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Britain’s climate sceptics’ dishonest tactics need to stop

Climate sceptics are turning to increasingly tricky ruses to hide their motives.

By Bob Ward

An article in last week’s Mail on Sunday has again exposed the dishonest tactics used by climate change ‘sceptics’ to try to stop the UK from cutting its greenhouse gas emissions.

The polemic was written by Professor Michael Kelly, an electronic engineer at the University of Cambridge who used to be Chief Scientific Advisor at the Department for Communities and Local Government.

Professor Kelly is also a Fellow of the Royal Society, Britain’s national academy of science whose distinguished members have included Isaac Newton, Charles Darwin and Stephen Hawking.

It is notable that Professor Kelly’s newspaper article was primarily a vituperative attack on the Society for daring to highlight the scientific evidence for climate change.

But it was actually part of a carefully planned media blitz by the Global Warming Policy Foundation, which was set up by Lord Lawson to lobby against Government policies that promote alternatives to fossil fuels.

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Professor Kelly publicised the Foundation’s new pamphlet, published on Sunday, which criticises a short guide to climate science produced by the Royal Society last December.

The attack is part of a co-ordinated ongoing war by the Foundation against mainstream scientific organisations, such as the Royal Society and the Met Office, which are documenting how the UK and the rest of the world are being affected by rising greenhouse gas levels in the atmosphere.

The Foundation hopes to create confusion about the science to undermine the case for climate change policies, in a clear echo of tactics used by tobacco companies to delay regulation of smoking.

But the Charity Commission ruled last year that the Foundation had breached its guidelines because it pushes only a ‘sceptic’ line on the science of climate change, including through the insertion of fake headlines to ‘spin’ newspaper articles that it reproduces on its website.

As a result, the Foundation set up a lobbying arm, the Global Warming Policy Forum, to circumvent charity regulations.

However, the Foundation continues to disseminate inaccurate and misleading information about climate change through campaign pamphlets and newspaper articles.

Professor Kelly’s article reproduced many of the false claims contained in the new pamphlet, including the suggestion that the Royal Society’s statements about trends towards increasing extreme weather “simply do not match real-world facts”.

In fact, the most recent assessment by the Intergovernmental Panel on Climate Change, the world’s most authoritative source of information about the causes and consequences of global warming, concluded that “changes in many extreme weather and climate events have been observed since about 1950”, with a likely increase heatwaves in large parts of Europe, Asia and Australia, and more heavy rainfall in North America and Europe.

The denial of any change in extreme weather events is one of the main ‘talking points’ for climate change ‘sceptics’ because they know that policy-makers and the public are very concerned about such impacts.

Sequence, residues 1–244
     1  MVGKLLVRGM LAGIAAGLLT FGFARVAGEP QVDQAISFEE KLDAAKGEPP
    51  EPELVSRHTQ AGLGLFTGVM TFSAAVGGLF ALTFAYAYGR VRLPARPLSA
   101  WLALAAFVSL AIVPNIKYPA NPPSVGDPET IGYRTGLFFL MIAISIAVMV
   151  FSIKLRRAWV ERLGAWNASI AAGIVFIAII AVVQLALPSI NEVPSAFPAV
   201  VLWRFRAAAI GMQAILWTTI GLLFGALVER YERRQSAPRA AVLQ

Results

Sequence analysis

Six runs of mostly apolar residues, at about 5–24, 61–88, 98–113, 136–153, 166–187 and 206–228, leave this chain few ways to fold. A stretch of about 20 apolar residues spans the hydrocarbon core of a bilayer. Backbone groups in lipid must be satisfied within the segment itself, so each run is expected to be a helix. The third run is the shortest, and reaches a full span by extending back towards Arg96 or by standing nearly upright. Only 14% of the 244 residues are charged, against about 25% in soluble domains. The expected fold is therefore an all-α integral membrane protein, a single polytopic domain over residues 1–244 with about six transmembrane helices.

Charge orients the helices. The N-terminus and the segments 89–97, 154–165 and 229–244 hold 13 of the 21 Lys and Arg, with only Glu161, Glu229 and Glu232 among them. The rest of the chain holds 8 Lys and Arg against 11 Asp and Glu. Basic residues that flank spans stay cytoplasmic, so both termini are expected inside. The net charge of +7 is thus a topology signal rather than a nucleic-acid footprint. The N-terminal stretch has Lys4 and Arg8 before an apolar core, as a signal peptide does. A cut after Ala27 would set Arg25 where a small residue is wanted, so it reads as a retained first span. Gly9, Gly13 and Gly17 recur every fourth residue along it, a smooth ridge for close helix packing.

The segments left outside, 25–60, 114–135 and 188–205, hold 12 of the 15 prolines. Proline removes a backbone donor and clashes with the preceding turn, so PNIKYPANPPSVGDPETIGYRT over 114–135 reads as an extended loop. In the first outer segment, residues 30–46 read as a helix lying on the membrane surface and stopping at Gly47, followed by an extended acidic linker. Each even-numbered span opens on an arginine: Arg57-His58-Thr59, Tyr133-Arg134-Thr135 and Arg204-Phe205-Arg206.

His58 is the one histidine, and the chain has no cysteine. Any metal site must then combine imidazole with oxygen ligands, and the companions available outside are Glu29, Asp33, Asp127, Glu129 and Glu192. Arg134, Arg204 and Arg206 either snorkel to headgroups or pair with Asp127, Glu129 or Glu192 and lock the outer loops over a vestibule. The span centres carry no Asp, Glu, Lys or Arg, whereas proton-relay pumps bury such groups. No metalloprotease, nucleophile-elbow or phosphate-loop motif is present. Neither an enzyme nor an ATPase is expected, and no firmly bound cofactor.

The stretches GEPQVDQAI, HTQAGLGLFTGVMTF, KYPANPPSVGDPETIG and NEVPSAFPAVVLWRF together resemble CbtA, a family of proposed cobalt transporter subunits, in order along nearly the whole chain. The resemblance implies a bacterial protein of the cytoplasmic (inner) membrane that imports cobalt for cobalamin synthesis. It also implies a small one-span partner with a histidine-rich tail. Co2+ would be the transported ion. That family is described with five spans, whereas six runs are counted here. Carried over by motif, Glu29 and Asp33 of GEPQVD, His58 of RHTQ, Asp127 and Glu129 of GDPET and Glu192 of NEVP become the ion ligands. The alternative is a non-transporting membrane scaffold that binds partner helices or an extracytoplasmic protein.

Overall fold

But Professor Kelly also cites the fact that “since 1998 there has been no statistically significant rise in global temperature”. In fact, the linear trend in global annual surface temperature since 1998 has been a rise of 0.05 centigrade degrees per decade, and while this is lower than the long-term rate of warming, climate scientists have concluded that this slowdown is only temporary.

Yet Professor Kelly ignores these facts. One could be charitable, and assume that he simply does not understand climate science. After all, while he is an eminent engineer, he has never published any academic papers on climate change.

However, Professor Kelly is one of Lord Lawson’s most loyal soldiers. In 2010, he helped to organise a letter by 43 Fellows of the Royal Society to its President, Sir Paul Nurse, complaining about its public statements on climate change.

But at least one of the signatories, Lord Hunt of Chesterton, thought the letter was pointing out that the Royal Society should be speaking out more strongly about the risks of climate change.

Professor Kelly’s political motivation for doing Lord Lawson’s bidding at the expense of the Royal Society is obvious from the newspaper article.

He complains about the Climate Change Act and wind farms, blaming them for having “contributed to electricity prices increasing by twice the level of inflation over the last decade”.

But again, Professor Kelly is wrong about the evidence. Increases in the price of natural gas have been the main driver of electricity prices over the past 10 years, as Ofgem has highlighted, and support for renewables, through the Renewables Obligation and Feed-in Tariffs, accounts for only £50, or 3.7%, of an annual dual fuel bill of £1344.

The truth is that lobbying by UK climate change ‘sceptics’, even those with an apparently technical background, is motivated by politics.

The public should not be fooled by their efforts to undermine the science because these are simply the same tactics that are being used by similar groups in the United States, and which have been revealed by the shocking new film ‘Merchants of Doubt’.

Bob Ward is policy and communications director at the Grantham Research Institute on Climate Change and the Environment at London School of Economics and Political Science.

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